Despite Hitler and his efforts to showcase his supremacy of the Aryan race and the power of his regiment, Jesse Owens rose above all and became arguably one of the best athletes to ever walk this Earth. Not only did Jesse defy all the odds he was against on a national level, but a global level.

The success Owen had on the track was a fraction of what he did for the sport of track and field. In his post-Olympic days, like many great athletes, Owens became an inspirational speaker. He went around to professional organizations, youth groups, black history programs, high schools, colleges, and churches. Sharing his story with many people helped motivate those who wanted to achieve a dream. Being in the same shows as many of the people he talked to he was able to relate to them. Being a from a poor family, an African American male in Jim Crow America he was able to share his struggles and how he overcame adversity in a time of hardship.

After the high of his 1936 Olympic performance died down, Jesse became a normal man. He worked odd jobs to help support his family in a time of need but he also made time for the youth groups in his local area. He knew what it was like to be in those shoes and he wanted to give young kids an opportunity he never got. All the kids he worked with came from poverty but to keep the kids off the streets he wanted to give back to his community. He became a local hero.

It doesn’t stop there for him, after dying in 1980 due to lung cancer, his family created a foundation in his honor. This foundation is a nonprofit organization that helps promote youths to their fullest potential. To continue the legacy of Jesse Owens, this organization has come up with the Ruth and Jesse Owens Scholarship. Partnering with Ohio State, scholarship helps graduating seniors who represent the values Jesse Owens held. This organization helps many kids to gain access to better resources, give them better opportunities no matter race, gender, national origin or racial beliefs.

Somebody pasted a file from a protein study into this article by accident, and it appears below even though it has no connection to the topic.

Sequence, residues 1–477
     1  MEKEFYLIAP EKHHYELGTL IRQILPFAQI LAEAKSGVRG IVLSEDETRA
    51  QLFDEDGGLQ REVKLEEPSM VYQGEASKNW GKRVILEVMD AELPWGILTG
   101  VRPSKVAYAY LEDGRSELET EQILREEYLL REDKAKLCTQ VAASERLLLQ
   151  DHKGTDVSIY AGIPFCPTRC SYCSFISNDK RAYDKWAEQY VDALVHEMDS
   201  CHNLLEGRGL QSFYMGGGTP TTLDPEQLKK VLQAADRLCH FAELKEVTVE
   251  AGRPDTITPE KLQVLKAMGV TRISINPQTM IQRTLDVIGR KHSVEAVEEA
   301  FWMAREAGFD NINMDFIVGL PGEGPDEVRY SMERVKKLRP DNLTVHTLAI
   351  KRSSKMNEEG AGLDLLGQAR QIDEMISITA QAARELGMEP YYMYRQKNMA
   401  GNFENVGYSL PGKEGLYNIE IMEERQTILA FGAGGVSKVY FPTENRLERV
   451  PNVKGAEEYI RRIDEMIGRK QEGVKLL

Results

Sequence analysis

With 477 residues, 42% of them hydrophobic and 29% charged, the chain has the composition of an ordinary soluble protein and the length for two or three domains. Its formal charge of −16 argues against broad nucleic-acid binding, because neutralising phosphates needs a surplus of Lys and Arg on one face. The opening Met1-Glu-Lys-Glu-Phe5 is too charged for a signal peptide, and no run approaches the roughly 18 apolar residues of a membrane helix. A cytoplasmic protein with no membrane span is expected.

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The Life And Legacy Of Jesse Owens. (2021, Jun 09). GradesFixer. Retrieved September 30, 2022, from https://gradesfixer.com/free-essay-examples/the-life-and-legacy-of-jesse-owens/
“The Life And Legacy Of Jesse Owens.” GradesFixer, 09 Jun. 2021, gradesfixer.com/free-essay-examples/the-life-and-legacy-of-jesse-owens/
The Life And Legacy Of Jesse Owens. [online]. Available at: <https://gradesfixer.com/free-essay-examples/the-life-and-legacy-of-jesse-owens/> [Accessed 30 Sept. 2022].
The Life And Legacy Of Jesse Owens [Internet]. GradesFixer. 2021 Jun 09 [cited 2022 Sept 30]. Available from: https://gradesfixer.com/free-essay-examples/the-life-and-legacy-of-jesse-owens/